The Toronto International Film Festival (TIFF) will be press screening select titles in New York City and Los Angeles in advance of the September event, according to TIFF director of communications Andrea Grau.

The pre-screenings are part of TIFF co-director Noah Cowan's effort to boost the profile of films that might get lost in the shuffle once TIFF is underway. Cowan will select between seven and 10 films, all most likely world premieres.

The festival is keen to balance what many observers see as Toronto's celebrity-biased profile. The reality of that perception is nowhere more apparent than in the media coverage of the event, where a handful of star-studded films preoccupy the media to the exclusion of films that have everything going for them except profile. Grau calls these films 'the other 300', referring to the large number of films outside the Gala and Special Presentation slots.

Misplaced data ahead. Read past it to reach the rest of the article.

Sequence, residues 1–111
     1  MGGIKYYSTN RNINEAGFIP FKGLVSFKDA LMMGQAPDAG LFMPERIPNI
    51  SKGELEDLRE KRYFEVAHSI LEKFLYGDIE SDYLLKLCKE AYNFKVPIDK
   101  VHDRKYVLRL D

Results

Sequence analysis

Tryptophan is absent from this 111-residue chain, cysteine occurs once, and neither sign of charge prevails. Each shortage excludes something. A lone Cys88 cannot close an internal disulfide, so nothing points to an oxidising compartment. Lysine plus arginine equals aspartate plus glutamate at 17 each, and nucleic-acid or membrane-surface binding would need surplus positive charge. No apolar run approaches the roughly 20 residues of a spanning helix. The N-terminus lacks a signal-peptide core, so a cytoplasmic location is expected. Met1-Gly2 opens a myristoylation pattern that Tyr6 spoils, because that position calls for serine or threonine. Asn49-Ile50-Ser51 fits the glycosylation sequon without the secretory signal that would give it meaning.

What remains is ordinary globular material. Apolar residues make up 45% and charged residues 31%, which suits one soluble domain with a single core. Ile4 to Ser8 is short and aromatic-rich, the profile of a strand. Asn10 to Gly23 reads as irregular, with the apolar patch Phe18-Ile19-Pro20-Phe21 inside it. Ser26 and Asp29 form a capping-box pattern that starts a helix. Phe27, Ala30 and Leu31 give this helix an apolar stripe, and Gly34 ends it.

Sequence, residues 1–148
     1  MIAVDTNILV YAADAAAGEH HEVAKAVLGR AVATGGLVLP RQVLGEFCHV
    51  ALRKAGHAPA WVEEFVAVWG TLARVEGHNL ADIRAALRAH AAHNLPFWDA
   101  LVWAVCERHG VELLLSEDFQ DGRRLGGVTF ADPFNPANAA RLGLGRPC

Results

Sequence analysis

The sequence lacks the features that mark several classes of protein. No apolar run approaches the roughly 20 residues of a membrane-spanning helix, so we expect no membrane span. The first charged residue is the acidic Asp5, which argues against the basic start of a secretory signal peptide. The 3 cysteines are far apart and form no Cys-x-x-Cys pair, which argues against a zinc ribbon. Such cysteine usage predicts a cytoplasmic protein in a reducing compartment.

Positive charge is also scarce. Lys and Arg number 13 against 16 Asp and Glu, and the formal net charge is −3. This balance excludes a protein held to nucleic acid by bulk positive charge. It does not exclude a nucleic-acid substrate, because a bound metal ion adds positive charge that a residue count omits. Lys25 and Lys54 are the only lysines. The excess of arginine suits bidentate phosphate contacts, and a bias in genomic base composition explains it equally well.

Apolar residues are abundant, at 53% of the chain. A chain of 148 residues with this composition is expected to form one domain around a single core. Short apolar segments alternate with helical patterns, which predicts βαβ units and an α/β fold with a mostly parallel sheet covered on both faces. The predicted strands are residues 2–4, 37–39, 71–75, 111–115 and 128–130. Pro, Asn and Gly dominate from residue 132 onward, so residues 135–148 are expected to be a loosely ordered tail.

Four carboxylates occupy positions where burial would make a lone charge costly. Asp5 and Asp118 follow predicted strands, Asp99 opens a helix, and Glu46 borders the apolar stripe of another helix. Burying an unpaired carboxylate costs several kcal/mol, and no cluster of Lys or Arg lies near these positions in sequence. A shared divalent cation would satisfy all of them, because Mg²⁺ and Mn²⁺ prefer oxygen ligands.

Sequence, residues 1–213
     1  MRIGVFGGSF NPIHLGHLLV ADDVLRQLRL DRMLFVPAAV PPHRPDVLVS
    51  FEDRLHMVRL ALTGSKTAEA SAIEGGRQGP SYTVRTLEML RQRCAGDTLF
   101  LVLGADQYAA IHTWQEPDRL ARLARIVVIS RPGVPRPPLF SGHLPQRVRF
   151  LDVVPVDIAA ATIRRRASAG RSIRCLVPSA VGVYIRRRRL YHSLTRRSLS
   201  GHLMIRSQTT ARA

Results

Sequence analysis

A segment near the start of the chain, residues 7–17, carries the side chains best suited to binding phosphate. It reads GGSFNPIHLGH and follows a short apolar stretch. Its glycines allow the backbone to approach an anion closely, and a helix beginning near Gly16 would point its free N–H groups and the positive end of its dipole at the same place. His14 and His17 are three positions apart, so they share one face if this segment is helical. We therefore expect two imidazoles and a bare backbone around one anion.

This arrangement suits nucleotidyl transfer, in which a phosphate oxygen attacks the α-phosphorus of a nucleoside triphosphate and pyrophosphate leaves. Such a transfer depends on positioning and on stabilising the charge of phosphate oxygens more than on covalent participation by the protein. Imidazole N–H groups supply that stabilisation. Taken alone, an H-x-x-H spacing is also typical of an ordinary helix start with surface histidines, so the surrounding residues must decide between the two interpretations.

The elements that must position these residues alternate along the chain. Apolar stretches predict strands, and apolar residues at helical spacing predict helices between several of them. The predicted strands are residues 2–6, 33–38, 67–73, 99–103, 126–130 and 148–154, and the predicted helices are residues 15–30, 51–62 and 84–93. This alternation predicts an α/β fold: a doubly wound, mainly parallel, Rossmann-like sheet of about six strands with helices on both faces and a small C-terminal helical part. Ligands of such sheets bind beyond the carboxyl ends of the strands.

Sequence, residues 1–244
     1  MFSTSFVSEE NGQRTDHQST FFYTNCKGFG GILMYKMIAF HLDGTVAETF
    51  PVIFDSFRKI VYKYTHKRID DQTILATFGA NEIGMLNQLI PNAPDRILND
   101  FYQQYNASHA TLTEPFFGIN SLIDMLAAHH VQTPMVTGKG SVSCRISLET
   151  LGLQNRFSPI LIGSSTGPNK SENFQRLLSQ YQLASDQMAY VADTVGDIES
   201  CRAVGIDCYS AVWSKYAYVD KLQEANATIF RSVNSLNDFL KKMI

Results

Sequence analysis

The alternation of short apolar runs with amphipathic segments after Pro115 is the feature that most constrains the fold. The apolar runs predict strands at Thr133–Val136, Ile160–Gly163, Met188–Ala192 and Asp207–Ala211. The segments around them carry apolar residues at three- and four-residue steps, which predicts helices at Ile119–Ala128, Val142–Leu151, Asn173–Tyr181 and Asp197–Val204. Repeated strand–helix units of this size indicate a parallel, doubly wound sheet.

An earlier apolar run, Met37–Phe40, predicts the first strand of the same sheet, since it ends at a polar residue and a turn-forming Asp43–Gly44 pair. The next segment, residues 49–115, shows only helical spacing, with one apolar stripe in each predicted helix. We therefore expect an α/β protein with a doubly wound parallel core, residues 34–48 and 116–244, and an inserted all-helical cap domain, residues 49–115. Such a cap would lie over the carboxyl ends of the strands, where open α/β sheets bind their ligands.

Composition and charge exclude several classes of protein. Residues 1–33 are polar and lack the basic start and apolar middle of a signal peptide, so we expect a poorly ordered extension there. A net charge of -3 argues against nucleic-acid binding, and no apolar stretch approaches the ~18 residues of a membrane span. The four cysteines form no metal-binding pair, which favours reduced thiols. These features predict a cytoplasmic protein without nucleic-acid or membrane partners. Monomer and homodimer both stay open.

Grau told Screendaily 'These are films that may not have anyone pushing them at TIFF. They may not have press representation, they may not have a distributor or sales. This way they may be able to get some representation.'

Grau said post-festival surveys indicate journalists feel they are missing opportunities due to pressure from assignment editors to see high-profile titles. By screening in the two major centres - last year Toronto had 93 journalists from New York and 62 from LA - Cowan will hope to sow interest so that the journalists in those cities will mention a title or two in a curtain-raiser feature or follow up with an interview while in Toronto.

Grau sees the pilot project as an adjunct to the pre-festival press screenings that begin in Toronto in August. 'We're servicing the media and the filmmaker.'

TIFF is also working with national film promotion agencies such as the UK's Film Council and Korea's KOFIC to boost attendance of international journalists and encourage them to cover the films of their own nations and other titles off the celebrity radar. Grau says TIFF upped its international press contigent from 17% in 2005 to 22% in 2006.